-> Seq Scan on department (cost=0.00..13.75 rows=2 width=4) (actual time=0.011..0.014 rows=2 loops=1)
Filter: ((dpt_location)::text = 'eilat'::text)
Rows Removed by Filter: 2
Planning Time: 0.273 ms
Execution Time: 0.106 ms

Result of the EXPLAIN command:

Hash Join (cost=13.78..27.57 rows=2 width=118)
Hash Cond: (emp.emp_id = department.id)
-> Seq Scan on emp (cost=0.00..13.00 rows=300 width=122)
-> Hash (cost=13.75..13.75 rows=2 width=4)
-> Seq Scan on department (cost=0.00..13.75 rows=2 width=4)
Filter: ((dpt_location)::text = 'eilat'::text)

From both results, the Postgres planner used the Hash join strategy to retrieve information from both the emp table and department table. In addition, the planner scanned both tables using the sequential scan method.

Apart from the hash join strategy, there are other join methods like merge join and nested loops used by the planner when accessing two tables.

Based on how the Postgres planner generates the execution plan for our queries, we can rely on this knowledge to write efficient queries as well as optimize read performance.

Speed optimization “rules”

These rules will guide you in PostgreSQL servers optimization.

Rule 1: Always choose index only scan over index scan if possible

How do we know if a Postgres planner is going to perform an index scan? From the previous examples describing how the planner generates an execution plan for each query, we could easily tell if the planner would scan a table using Index only scan or not.

Any time we try to search on the indexed column(s), the planner makes use of the Index scan instead of the Sequential scan or Index scan.

Why Is Index only scan efficient than an index scan?

The purpose of Index only scan is to fetch all data from the index without visiting the heap at all. Index scan, however, fetches data from both the heap and the Index.

Fetching data from the index only means reading fewer data. Obviously reading less data is faster than reading more data.

Rule 2: Reduce the number of columns in a table if there are excess columns

Among the types of scans generated by the Postgres planner, there is one known as the sequential scan. The sequential scan works by scanning the entire table/relation as stored on the disk.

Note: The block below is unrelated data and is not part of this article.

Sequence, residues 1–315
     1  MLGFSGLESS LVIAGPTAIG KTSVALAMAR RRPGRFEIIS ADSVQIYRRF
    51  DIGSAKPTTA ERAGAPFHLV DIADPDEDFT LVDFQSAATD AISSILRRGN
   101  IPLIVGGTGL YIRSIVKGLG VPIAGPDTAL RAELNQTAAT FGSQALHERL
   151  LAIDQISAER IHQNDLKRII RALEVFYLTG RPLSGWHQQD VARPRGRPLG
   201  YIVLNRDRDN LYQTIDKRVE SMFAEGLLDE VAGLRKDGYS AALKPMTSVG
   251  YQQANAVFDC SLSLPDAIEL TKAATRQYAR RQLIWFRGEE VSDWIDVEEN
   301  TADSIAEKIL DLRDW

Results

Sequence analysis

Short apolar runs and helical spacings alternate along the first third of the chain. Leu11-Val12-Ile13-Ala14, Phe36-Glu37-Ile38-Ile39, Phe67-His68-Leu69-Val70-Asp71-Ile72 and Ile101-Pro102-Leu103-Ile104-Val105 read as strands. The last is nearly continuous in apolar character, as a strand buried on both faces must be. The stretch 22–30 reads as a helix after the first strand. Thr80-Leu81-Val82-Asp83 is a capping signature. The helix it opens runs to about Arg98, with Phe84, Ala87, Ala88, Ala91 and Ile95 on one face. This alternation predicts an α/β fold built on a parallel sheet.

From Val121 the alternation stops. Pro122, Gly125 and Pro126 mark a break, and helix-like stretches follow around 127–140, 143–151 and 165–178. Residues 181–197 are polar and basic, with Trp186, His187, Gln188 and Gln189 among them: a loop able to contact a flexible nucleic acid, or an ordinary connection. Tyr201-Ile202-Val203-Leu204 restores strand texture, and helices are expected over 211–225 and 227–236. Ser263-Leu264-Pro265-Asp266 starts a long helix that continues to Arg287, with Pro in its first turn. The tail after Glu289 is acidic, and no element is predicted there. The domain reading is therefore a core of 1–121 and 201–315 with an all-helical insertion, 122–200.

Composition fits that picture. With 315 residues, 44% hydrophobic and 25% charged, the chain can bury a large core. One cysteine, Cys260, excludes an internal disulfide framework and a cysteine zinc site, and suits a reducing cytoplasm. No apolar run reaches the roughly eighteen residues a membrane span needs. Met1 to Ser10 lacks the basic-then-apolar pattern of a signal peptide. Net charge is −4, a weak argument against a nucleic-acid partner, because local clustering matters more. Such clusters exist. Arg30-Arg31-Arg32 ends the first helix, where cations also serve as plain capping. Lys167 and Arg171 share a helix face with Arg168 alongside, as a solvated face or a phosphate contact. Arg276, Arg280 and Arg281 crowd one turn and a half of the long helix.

For the sake of practical evidence, let’s assume there are two tables/relations: emp and users residing in the database demo .

The emp table has t columns namely name and location whilst the user’s table has four columns namely first_name , middle_name , last_name , and location .

If we run the query statement SELECT * FROM both tables, the following results are returned.

Query plan for table emp:

Planning Time: 0.284 ms
Execution Time: 0.042 ms
(3 rows)

Query Plan for Table users:

Planning Time: 0.331 ms
Execution Time: 0.046 ms
(3 rows)

So it seems the execution time for the emp table is a bit lower than the user’s table. The execution time in this context means the time it took the server to run the query using the generated query plan by the Postgres planner.

In a real-world scenario where we have more than five columns or excess columns in a relation and users making concurrent requests to a particular table. What do you think will happen? Drop-in read performance.

How do we avoid it?

Solution: By reducing the number of columns in the table.

Rule 3: Shard wisely by choosing suitable sharding strategy

Sharding is the most preferred solution used by DB Reliability engineers to prevent a database server from crashing due to massive requests from clients. Startups building products or services for users to consume often make use of some sharding strategy to scale their services.